How to Incrementally Build Your Real Estate Portfolio

How to Incrementally Build Your Real Estate Portfolio

Getting started with real estate investment can seem like a big and scary step – it might feel as if you’re taking on a million things at once, possibly with very little experience to back you up.  That doesn’t have to be the case, though, and the Incremental Development Alliance aims to show new investors how.

 

With an upcoming workshop on October 11th, the IDA will bring a wealth of information to Asheville-area residents interested in real estate investment and how they can both live and work in the communities that they love.  To help provide insight into what incremental development is, how it can be beneficial to new investors, and the value offered by the IDA’s workshop later this month, we asked Bob Swanson, a local real estate investor and industry expert with over 25 years of experience, to join us in the Asheville Real Estate News studio and talk investment strategy, personal goals, and more.

 

Swanson, who has himself utilized real estate investment as a means of pursuing a life well-lived by his own standards, describes incremental development as the process of taking intentional, small steps that align with your personal goals for your real estate portfolio or business.  This may mean stepping outside of the standard expectations or pathways followed by many investors, to look instead at what will make you successful and satisfied.

 

To Swanson, it comes down to lifestyle – “there’s a really good reason for taking the time to learn the steps of how to actually build a real estate portfolio,” he says, and what it boils down to is the ability to live the lifestyle that you want, and to work for that lifestyle and have it work for you rather than making your work your life.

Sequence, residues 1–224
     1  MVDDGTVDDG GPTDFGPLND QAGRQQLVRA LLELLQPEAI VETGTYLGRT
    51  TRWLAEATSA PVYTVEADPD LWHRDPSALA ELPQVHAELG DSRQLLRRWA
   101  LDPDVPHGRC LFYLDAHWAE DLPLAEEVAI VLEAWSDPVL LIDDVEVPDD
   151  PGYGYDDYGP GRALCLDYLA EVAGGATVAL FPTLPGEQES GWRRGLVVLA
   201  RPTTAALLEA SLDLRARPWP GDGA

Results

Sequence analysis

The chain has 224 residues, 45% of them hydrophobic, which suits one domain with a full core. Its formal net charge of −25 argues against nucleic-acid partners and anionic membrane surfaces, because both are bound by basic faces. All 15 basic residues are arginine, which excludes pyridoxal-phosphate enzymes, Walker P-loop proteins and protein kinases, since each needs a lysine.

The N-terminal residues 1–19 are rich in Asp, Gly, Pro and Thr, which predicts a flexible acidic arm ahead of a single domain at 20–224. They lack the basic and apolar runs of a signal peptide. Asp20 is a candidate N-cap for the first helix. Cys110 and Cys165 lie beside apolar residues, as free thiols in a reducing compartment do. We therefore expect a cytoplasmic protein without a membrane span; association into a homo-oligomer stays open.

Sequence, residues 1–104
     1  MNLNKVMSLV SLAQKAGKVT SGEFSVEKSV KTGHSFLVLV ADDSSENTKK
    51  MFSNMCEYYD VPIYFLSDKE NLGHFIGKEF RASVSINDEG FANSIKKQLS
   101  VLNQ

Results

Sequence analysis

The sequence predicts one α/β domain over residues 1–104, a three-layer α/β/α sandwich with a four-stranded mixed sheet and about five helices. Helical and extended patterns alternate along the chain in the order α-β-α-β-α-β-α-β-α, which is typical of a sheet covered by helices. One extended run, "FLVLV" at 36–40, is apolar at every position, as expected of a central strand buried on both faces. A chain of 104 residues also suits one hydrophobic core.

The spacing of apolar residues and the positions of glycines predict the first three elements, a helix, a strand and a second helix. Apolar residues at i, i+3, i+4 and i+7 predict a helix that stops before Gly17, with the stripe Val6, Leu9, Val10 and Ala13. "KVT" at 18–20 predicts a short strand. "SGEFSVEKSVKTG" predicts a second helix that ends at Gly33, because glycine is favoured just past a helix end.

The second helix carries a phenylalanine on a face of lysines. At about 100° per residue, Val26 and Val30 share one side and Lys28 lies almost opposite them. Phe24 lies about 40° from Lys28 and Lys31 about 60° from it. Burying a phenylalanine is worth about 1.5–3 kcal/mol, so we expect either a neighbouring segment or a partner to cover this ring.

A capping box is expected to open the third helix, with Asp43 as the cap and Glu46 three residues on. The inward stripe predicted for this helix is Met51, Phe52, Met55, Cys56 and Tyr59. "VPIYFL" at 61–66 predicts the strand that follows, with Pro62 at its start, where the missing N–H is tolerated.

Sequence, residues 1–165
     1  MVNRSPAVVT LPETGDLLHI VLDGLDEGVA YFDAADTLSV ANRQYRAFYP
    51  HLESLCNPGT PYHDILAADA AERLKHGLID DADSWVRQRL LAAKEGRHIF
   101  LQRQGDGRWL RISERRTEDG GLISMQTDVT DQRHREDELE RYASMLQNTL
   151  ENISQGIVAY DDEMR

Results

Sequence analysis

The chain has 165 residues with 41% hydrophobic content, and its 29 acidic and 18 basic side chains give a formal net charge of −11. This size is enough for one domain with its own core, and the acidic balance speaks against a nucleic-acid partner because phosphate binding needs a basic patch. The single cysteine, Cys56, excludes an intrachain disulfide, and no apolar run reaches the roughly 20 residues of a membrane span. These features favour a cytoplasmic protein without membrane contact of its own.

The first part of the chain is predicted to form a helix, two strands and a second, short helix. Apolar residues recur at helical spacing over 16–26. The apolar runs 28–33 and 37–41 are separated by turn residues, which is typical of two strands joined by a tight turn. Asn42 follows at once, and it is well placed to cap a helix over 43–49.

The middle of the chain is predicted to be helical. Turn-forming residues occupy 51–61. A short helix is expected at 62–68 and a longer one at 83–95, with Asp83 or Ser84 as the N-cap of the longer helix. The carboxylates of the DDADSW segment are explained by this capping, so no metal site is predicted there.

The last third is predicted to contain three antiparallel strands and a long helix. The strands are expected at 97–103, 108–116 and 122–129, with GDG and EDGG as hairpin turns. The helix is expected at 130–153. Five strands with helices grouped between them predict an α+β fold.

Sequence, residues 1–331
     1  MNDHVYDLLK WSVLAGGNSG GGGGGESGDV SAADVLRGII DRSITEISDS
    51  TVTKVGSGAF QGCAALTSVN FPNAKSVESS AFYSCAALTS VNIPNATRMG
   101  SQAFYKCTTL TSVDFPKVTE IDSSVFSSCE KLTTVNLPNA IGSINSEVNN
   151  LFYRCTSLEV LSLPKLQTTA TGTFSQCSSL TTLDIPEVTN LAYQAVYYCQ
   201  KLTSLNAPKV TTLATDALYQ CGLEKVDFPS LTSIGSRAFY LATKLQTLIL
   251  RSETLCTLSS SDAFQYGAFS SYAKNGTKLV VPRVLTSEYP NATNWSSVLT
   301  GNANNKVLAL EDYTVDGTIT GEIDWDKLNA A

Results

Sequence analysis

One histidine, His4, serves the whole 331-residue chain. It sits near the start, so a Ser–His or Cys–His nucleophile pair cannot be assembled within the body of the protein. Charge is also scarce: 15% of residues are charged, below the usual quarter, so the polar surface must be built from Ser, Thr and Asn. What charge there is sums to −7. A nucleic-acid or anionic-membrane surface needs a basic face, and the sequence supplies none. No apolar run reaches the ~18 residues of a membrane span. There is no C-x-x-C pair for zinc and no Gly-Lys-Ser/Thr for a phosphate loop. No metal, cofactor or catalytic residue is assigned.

A big part of living a life you love, of course, is living it where you love.  Incremental development, according to Swanson, can be a great way to do this.  The October 11th class will focus in part of teaching people how to build their portfolios incrementally in the places that they already live and love.

 

Swanson, who has taken hundreds of real estate classes, initially took the Incremental Development Alliance’s one-day workshop out of curiosity.  His impression of it was very different from that which he often had of other real estate workshops; rather than being a get-rich-quick scheme, the IDA’s approach was a step-by-step process of slowly building wealth.  The focus was then and continues to be on building a real estate portfolio, usually on a fairly small scale, containing a combination of commercial and rental properties.

 

This, Swanson thinks, is critically important to ensuring the long-term success of communities like Asheville, which he sees as missing the intelligently built infill that contributes to the building-up and full development of urban spaces.  The ideas presented by the IDA, he thinks, can help to bring these types of spaces back to Western North Carolina.

 

Of course, incremental development isn’t for everyone; a large-scale investor, for example, might be better served with different types of investments.  For the individual looking to escape the nine-to-five grind of working for someone else, however, this program may be ideal for providing guidance on how to build a profitable real estate portfolio over time.  It won’t happen overnight, Swanson says, but you can get started right away with the basics. Participants should, he says, come away with “a strong feeling that ‘I can do this, and I can do it where I want to live, and I can add value, and build an incremental real estate that will help me and my family.’”  

To learn more about the Incremental Development Alliance and their upcoming workshop on October 11th, visit IncrementalDevelopment.org.